EDITOR'S NOTE: In Part II of a two part series, the non-compliance of a 1944 water treaty by Mexico is examined in light of a developing water problem in the arid, desert region of Chihuahua state just south of the New Mexico-Chihuahua line. While Mennonite farmers expand commercial farming operations by digging excessively deep wells to reach a subterranean aquifer, Mexico may be delaying water deliveries due South Texas as a result. With the threat of violence and extreme heavy political pressure triggered by what appears to be the first water wars spawned by a changing climate, Mexico is struggling to deal with water pressures from both sides of the international border. Connect to PART I of the story here, and read PART II below.


According to a report by the Center for International Policy in Washington D.C., while the deep water wells being dug by Mennonite farmers in Northern Mexico have largely proven successful, they have also caused an unfortunate side effect.

The wells are being blamed for lowering aquifer levels deep beneath the desert of Chihuahua, causing the more shallow wells of the Mexicanos (a term used by the Mennonites to describe local Mexican farmers and ranchers) to drop in production or completely dry up in some cases.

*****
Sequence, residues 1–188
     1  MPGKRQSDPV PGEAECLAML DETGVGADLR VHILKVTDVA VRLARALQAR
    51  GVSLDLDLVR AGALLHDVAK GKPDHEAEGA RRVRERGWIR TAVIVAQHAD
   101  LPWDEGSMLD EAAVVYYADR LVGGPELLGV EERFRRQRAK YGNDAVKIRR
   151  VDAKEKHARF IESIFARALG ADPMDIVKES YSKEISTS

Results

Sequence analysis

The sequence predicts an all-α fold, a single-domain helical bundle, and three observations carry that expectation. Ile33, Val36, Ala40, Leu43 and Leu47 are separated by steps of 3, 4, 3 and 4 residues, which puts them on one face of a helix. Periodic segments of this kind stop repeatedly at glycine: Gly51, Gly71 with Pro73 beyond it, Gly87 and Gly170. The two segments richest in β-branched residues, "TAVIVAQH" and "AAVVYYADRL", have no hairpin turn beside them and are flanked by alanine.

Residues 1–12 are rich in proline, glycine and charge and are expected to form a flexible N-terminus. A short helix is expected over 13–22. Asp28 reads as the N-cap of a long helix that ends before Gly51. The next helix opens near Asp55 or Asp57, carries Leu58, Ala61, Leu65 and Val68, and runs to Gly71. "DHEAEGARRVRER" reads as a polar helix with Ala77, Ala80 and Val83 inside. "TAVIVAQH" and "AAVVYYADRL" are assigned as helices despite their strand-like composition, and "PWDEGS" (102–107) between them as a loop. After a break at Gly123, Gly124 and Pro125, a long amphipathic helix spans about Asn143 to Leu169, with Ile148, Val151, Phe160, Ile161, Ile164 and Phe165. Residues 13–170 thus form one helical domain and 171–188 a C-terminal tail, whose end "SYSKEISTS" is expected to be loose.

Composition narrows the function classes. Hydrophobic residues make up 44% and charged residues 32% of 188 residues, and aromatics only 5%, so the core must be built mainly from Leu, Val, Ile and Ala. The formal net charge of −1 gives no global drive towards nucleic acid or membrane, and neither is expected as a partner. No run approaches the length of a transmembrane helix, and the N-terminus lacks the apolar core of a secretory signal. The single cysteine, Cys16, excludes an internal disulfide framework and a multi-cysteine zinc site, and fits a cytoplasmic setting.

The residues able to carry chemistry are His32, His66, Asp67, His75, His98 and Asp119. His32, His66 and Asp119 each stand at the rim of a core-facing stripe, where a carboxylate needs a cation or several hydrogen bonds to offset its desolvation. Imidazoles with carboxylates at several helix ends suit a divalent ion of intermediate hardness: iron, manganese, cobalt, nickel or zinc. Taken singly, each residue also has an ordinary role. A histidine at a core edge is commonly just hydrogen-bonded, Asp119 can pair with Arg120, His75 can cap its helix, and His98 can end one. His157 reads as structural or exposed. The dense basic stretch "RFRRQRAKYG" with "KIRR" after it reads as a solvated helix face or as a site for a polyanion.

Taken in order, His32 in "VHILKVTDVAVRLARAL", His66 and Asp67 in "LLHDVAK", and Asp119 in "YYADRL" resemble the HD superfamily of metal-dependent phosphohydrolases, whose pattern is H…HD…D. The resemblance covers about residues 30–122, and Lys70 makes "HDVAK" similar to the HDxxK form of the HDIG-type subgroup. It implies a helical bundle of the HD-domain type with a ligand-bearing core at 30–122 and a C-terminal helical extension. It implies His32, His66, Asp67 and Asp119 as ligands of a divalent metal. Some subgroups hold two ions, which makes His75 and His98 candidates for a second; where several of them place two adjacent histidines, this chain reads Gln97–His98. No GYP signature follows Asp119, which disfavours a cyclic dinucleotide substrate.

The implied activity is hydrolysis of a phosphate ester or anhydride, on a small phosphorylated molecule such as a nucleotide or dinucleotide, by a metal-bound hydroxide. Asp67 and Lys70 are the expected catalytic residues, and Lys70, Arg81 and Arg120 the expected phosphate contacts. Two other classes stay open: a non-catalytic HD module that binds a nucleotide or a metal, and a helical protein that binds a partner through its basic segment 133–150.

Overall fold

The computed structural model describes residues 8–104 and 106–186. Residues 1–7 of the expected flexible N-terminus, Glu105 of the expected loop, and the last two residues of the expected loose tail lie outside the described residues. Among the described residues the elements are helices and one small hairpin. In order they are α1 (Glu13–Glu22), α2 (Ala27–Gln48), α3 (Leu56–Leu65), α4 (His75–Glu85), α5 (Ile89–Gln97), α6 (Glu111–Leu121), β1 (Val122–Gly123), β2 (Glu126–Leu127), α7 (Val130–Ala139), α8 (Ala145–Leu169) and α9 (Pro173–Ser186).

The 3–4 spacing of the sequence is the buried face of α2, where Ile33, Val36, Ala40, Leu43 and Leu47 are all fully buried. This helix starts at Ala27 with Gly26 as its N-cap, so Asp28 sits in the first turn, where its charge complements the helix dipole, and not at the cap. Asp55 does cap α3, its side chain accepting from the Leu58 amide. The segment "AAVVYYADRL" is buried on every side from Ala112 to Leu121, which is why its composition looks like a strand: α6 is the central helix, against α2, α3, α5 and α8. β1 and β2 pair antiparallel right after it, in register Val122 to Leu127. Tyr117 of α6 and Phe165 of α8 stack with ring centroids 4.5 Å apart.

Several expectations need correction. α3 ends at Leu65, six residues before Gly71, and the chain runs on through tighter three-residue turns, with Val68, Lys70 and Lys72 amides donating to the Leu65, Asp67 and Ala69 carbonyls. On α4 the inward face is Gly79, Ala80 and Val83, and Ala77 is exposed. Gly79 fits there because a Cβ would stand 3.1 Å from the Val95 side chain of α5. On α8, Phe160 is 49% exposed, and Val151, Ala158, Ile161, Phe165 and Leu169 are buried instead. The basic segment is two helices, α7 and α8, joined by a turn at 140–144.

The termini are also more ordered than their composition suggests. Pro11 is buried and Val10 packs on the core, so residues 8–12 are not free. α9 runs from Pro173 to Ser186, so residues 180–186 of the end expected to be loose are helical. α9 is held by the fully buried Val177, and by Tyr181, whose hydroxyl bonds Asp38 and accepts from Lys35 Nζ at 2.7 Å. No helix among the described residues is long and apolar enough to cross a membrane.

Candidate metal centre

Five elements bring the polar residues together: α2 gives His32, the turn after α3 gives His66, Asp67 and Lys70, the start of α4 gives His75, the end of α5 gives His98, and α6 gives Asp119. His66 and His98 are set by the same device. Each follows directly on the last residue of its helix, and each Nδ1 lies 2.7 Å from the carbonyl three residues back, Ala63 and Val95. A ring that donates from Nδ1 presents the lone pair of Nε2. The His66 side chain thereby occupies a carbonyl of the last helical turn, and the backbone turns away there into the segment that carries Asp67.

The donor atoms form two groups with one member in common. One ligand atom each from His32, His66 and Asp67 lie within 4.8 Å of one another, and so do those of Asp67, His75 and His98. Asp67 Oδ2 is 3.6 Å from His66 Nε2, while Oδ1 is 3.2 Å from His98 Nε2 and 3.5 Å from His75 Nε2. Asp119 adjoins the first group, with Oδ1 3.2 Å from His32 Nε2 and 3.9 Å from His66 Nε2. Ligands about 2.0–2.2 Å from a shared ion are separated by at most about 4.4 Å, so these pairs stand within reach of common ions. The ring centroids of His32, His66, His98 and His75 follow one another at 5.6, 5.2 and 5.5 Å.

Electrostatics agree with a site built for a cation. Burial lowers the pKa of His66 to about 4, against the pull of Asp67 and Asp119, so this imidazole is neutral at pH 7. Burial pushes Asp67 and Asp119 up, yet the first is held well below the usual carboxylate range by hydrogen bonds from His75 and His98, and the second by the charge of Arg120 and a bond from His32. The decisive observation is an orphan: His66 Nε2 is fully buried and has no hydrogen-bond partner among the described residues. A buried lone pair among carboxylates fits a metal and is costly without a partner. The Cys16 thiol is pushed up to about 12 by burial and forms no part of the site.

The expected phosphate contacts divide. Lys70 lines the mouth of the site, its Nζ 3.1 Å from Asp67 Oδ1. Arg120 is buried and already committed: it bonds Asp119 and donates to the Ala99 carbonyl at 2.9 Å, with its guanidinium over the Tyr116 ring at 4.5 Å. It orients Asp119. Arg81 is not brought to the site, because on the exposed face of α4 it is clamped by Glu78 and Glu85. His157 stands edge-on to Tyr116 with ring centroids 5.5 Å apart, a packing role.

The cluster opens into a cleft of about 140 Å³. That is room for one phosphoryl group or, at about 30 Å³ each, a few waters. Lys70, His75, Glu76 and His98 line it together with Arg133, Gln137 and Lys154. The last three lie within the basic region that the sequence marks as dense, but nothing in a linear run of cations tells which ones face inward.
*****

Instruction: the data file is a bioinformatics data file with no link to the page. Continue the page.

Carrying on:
As a result, many of the locals have been forced to sell their rangelands to Mennonites or to enterprising individuals from Sinaloa state who have also expressed an interest over the last two years in drilling deep wells to establish their own successful commercial farming operations in the region.

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In recent years while many of the age-old traditional values of the Mennonites have been preserved, accelerated growth and expansion has apparently forced them to forgo traditional methods of farming and embrace modern technology as a means to survive.

Leaving behind wooden plows and oxcarts, they purchased the latest models of farm machinery and technology, including laser-guided precision farming equipment and rotary irrigation systems that continually provide water to miles and miles of row crops including cotton, soybeans, corn, alfalfa, potatoes, chili peppers and more.